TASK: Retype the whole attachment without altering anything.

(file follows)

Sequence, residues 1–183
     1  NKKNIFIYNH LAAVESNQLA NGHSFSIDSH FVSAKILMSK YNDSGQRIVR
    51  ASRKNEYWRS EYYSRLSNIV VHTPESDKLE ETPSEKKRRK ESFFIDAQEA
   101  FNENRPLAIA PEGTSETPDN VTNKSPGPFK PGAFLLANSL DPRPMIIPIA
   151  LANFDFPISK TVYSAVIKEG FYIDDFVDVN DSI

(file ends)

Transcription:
Sequence, residues 1–183
     1  NKKNIFIYNH LAAVESNQLA NGHSFSIDSH FVSAKILMSK YNDSGQRIVR
    51  ASRKNEYWRS EYYSRLSNIV VHTPESDKLE ETPSEKKRRK ESFFIDAQEA
   101  FNENRPLAIA PEGTSETPDN VTNKSPGPFK PGAFLLANSL DPRPMIIPIA
   151  LANFDFPISK TVYSAVIKEG FYIDDFVDVN DSI